New Zealand business confidence sank to a nine-year low in the third quarter, sending the local dollar sliding as the result left the door open to a possible rate cut in coming quarters if economic growth cools sharply.
Business sentiment has been falling since the Labour-led government took the helm a year ago, prompting the central bank to highlight firms' pessimism as a key risk to growth that could lead to a further cut in the 1.75 per cent benchmark cash rate.
The New Zealand Institute of Economic Research's (NZIER) quarterly survey of business opinion (QSBO) showed a net 30 per cent of firms surveyed expected general business conditions to deteriorate compared with 20 per cent in the previous quarter.
"This survey is exactly what keeps the RBNZ (Reserve Bank of New Zealand) awake at night, and justifies the central bank's dovish tilt," said Jarrod Kerr, chief economist at Kiwibank.
The gloomy result pushed the New Zealand dollar to a two-week low of $0.6590, down from $0.6612 before the figures were released.
Signs of improvement had emerged when last week's ANZ Bank monthly confidence survey had showed a reverse in its downward trajectory, though firms remained negative about the outlook.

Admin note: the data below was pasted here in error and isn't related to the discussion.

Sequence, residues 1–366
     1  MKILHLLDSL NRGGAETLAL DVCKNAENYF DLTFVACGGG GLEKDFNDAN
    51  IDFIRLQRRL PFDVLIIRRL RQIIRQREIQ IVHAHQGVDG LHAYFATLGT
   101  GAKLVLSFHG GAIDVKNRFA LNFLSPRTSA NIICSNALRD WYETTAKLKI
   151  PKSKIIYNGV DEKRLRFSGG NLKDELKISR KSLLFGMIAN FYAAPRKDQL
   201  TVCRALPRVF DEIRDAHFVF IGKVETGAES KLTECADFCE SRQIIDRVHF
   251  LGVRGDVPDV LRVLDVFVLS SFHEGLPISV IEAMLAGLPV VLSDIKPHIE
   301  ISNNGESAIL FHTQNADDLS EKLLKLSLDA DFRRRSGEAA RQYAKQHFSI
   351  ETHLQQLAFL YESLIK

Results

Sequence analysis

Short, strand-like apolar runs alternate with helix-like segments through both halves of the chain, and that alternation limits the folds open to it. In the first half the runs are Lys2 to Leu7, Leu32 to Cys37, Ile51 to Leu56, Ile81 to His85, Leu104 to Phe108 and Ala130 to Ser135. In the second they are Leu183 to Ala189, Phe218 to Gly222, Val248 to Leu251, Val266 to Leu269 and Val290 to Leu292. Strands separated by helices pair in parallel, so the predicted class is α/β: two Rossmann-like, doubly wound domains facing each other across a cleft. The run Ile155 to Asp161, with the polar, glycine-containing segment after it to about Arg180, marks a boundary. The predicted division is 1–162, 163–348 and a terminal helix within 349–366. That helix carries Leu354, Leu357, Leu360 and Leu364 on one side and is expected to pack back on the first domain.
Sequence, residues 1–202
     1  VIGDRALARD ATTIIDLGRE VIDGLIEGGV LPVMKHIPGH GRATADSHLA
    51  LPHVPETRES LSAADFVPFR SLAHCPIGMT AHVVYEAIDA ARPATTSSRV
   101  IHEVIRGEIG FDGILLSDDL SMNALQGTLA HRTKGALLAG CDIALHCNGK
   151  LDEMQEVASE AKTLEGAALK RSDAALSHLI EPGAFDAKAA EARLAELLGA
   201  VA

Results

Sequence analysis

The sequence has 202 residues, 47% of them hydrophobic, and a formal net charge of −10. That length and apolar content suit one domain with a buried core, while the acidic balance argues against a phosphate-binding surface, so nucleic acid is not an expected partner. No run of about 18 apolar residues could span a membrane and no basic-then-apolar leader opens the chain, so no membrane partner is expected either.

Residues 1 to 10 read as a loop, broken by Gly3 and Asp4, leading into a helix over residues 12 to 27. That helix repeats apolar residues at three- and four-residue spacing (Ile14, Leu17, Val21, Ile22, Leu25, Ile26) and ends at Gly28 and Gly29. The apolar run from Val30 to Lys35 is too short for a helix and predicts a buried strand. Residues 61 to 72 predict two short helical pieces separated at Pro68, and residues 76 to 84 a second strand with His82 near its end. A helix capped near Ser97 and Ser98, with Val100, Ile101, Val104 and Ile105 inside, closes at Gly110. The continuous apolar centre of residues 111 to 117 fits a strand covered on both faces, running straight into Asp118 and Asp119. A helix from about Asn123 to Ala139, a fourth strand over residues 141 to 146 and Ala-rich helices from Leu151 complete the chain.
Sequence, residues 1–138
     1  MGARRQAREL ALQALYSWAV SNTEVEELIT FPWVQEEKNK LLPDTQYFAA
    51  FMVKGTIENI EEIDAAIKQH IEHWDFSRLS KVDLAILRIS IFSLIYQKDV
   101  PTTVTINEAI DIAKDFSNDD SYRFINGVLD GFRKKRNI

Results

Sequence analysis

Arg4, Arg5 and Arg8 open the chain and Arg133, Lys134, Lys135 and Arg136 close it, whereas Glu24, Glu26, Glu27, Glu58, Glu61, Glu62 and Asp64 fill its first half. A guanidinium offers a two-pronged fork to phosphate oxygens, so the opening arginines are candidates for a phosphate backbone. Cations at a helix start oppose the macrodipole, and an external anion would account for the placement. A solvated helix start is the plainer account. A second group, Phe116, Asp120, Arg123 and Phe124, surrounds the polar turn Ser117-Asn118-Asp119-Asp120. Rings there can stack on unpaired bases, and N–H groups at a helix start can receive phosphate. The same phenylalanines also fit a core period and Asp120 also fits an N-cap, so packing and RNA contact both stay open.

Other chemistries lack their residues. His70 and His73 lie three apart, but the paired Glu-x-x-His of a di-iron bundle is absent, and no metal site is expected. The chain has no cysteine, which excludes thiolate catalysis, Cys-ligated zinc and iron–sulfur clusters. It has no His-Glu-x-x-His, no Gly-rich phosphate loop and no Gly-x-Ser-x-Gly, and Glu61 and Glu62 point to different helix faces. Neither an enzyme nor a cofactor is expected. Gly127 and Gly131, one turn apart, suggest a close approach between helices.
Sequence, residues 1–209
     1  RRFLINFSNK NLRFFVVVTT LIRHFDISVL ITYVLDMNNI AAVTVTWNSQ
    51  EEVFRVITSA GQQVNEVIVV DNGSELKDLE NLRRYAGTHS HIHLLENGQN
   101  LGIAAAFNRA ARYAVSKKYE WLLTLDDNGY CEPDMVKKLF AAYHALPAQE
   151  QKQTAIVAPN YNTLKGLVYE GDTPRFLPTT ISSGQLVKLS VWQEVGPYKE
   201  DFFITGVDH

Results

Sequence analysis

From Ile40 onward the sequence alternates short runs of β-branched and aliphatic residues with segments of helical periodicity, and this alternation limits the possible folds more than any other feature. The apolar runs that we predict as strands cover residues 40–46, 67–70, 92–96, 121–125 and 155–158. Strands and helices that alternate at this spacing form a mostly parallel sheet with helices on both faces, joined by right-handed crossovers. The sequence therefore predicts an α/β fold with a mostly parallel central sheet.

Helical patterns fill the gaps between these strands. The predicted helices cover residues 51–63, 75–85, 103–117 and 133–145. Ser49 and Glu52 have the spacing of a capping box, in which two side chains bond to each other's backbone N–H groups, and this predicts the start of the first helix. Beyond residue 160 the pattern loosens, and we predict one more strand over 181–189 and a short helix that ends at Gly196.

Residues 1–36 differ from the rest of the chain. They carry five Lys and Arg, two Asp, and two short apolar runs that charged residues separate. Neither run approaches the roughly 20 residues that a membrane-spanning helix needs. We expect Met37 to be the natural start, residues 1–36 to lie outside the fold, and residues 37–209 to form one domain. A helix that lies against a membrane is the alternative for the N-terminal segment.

The RBNZ had subsequently dropped a reference to the risk posed by gloomy business confidence in its latest official cash rate decision late last month, but it reiterated it would keep policy on hold for years and was prepared to cut or raise rates depending on conditions.
The latest NZIER survey is likely to reignite central bank concerns about the firms' gloom and the potential drag on the economy at a time when international trade tensions are casting a cloud over the global growth outlook.
"It does point to a slowing in GDP growth....a fair bit of slowing," said Christina Leung, principal economist at NZIER.
The think tank was expecting annual growth to ease to two per cent in the third quarter from 2.8 per cent in the three months to the end of June.
The RBNZ has already downgraded its forecasts for 2019 gross domestic product (GDP) growth to 2.6 per cent from 3.1 per cent earlier.
"One of the concerning developments that we're continuing to see is that profitability continues to deteriorate...overall what this meant is that businesses are more cautious when it comes to hiring and investment," Leung added.
The NZIER had for the first time introduced a question asking larger firms what the main issues were behind their decisions.
Their response supported anecdotal evidence that firms were concerned about new centre-left government policies, particularly in relation to labour laws and minimum wage hikes.
"Businesses who thought that the general business situation was worsening were more likely to say that government policy was the major influence," Leung said.
(Reporting by Charlotte Greenfield; Editing by James Dalgleish & Shri Navaratnam)